Movement patterns

Skiing is based upon a series of key movement patterns. Considering this we will need to focus our training towards:

  • The squat – to cover all of that bouncing up and down
  • One leg dominant - due to the asymmetrical nature of skiing, most of your weight will be always placed onto one leg
  • Rotation – coupled with a weight shift always comes a twist!  

Speed of contraction

A sport, especially skiing, is extremely power orientated. Power can be defined as “The ability to accelerate, decelerate and stabilise all at the same time at speed”. It could all go horribly wrong if we cannot get the body producing, reducing and stabilising the forces present during skiing in a blink of an eye! However to ensure exercise safety we will need to start off with slow repetitions to promote motor learning and facilitate good exercise technique. Only then working towards increasing the speed once the exercise has been mastered to improve our reaction time.

Exercise suitability

Muscle imbalance and weakness have become major considerations for programme design. We cannot expect to move from a sedentary environment, with little or no activity, to an unpredictable and powerful movement-based environment without any adverse structural effects or injuries!

It is imperative that if you are new to exercise or skiing for that matter you start with a programme that is specific to you.

In our workout section, you can choose a ski programme to meet your needs and goals.

Top tips for Before, During and After Your Skiing Trip

Here are some great suggestions that you might want to take into consideration when planning your Skiing trip.

  • Make sure you prepare physically.
  • Start some Ski Specific Fitness Training (use the programme on this site).
  • Be prepared; start your training well in advance of your trip to maximise the results.
  • Visit a dry ski slope and get some lessons.
  • Make sure you buy the correct equipment and seek advice from a skiing expert. Warm clothing is also essential to avoid hypothermia from exposure to any harsh conditions.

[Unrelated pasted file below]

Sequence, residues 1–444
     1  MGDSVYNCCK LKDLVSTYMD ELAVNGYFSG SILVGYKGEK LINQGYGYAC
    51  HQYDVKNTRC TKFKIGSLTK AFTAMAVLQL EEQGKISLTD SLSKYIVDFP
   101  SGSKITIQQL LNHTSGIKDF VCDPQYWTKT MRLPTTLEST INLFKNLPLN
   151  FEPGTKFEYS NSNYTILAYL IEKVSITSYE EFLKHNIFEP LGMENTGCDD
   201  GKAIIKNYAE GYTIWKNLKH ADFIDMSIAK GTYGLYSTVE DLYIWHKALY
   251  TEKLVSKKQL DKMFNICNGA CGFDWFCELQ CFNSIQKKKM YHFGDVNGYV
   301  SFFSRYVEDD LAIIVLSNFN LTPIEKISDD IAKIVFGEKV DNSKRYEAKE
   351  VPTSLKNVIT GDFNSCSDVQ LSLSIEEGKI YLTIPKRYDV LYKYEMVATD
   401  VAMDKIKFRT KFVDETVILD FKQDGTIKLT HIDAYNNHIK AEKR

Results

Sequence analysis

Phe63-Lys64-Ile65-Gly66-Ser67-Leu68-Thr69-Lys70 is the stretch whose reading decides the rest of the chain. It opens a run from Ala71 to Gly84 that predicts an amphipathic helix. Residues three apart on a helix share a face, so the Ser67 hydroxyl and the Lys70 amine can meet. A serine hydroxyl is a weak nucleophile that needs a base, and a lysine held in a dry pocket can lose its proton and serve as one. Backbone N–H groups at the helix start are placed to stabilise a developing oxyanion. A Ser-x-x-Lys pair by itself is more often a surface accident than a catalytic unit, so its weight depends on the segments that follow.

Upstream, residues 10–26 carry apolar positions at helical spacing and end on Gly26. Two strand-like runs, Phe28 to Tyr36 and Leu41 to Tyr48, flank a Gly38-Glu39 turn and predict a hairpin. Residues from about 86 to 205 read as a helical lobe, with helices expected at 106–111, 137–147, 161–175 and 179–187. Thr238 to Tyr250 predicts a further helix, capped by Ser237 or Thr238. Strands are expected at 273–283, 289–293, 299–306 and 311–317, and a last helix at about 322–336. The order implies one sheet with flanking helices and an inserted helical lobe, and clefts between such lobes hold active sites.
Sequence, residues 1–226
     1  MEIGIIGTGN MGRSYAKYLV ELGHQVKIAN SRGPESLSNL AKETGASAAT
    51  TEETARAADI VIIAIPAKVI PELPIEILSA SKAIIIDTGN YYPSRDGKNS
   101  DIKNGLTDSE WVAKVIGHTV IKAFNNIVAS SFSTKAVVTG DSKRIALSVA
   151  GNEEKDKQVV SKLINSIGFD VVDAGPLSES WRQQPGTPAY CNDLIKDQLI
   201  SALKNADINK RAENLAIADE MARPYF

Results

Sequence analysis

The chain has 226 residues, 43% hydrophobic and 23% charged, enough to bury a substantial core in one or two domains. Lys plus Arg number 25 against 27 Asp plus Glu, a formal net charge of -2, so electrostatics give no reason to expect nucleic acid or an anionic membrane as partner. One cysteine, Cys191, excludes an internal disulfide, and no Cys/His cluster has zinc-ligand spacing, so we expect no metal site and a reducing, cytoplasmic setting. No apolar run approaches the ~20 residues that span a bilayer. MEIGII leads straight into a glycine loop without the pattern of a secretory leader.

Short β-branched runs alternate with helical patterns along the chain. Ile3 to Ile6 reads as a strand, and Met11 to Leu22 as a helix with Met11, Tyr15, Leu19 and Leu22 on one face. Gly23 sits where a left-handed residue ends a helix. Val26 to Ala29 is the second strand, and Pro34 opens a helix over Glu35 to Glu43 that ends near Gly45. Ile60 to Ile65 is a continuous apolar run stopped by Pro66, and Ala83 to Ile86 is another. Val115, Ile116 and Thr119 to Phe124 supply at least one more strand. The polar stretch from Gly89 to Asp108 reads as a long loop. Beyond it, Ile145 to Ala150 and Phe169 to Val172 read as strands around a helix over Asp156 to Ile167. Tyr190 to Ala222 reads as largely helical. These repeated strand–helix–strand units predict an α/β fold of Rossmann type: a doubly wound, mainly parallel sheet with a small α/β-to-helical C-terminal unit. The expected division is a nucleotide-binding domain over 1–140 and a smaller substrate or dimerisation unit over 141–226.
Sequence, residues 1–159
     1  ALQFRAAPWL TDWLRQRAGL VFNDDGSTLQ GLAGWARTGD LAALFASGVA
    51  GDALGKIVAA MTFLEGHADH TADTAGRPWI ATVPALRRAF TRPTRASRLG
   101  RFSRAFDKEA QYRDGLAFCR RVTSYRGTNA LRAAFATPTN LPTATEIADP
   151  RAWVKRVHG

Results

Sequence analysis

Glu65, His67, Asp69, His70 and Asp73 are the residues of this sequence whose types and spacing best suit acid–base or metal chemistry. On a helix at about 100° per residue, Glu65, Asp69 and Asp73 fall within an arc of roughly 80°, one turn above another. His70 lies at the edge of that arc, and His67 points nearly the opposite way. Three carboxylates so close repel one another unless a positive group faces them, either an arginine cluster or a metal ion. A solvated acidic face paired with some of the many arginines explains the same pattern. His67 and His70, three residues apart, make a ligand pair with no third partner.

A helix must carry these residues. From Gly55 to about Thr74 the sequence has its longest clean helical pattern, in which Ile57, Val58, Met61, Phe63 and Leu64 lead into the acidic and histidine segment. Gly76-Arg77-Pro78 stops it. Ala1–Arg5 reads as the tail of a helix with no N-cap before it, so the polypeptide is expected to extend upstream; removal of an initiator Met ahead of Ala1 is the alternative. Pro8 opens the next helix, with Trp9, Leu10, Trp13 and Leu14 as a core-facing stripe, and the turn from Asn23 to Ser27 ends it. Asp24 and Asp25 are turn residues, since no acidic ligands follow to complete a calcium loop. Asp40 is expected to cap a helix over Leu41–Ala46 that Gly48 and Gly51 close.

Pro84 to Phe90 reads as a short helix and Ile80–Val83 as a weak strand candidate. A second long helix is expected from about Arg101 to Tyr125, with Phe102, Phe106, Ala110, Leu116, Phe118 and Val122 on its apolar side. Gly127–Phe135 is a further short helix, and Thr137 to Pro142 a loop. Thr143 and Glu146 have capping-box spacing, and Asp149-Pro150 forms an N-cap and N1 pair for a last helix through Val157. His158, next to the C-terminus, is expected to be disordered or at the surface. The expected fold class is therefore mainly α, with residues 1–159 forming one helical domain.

• Do some research about your destination before hand so that you are prepared for what lies ahead.
  • Familiarise yourself with your environment when you get there.
  • Make sure if you are new to skiing you book an induction course before you go out alone.
  • When you first hit the slopes, take it slowly. Give your body time to adapt to its new environment.
  • Try to stay in a group or make sure there is always someone around to communicate with.

Other Advice

Rest and Recovery
When your muscles are fatigued you are more likely to cause injury to your joints. Take regular breaks so that you allow your body to rest and recuperate. Also have a stretch at the end of the day. This will prevent muscular aches and pains by helping to release toxins built up from all of that activity.

Stay Hydrated
Similarly to rest, hydration can all too easily be neglected so focus on hydration, as your body will thank you for it. Fluid loss of as little as 2 percent of your body mass can result in a 20 percent drop in energy and performance – in addition to symptoms of fatigue, nausea, headaches and irritability should be enough to make sure you drink properly!

The Effects of Alcohol
Do not go on to the slopes if you have had too much drink the night before. Alcohol stays in your system for up to 24 hours and may affect your balance, coordination and judgement all of which are imperative, especially if you are new to skiing.

After your Skiing Trip
To ensure that that you don’t lose your hard-earned fitness gains on your next vacation, simply keep it up when you get back. You should make exercise, nutrition and hydration all part of your everyday lifestyle.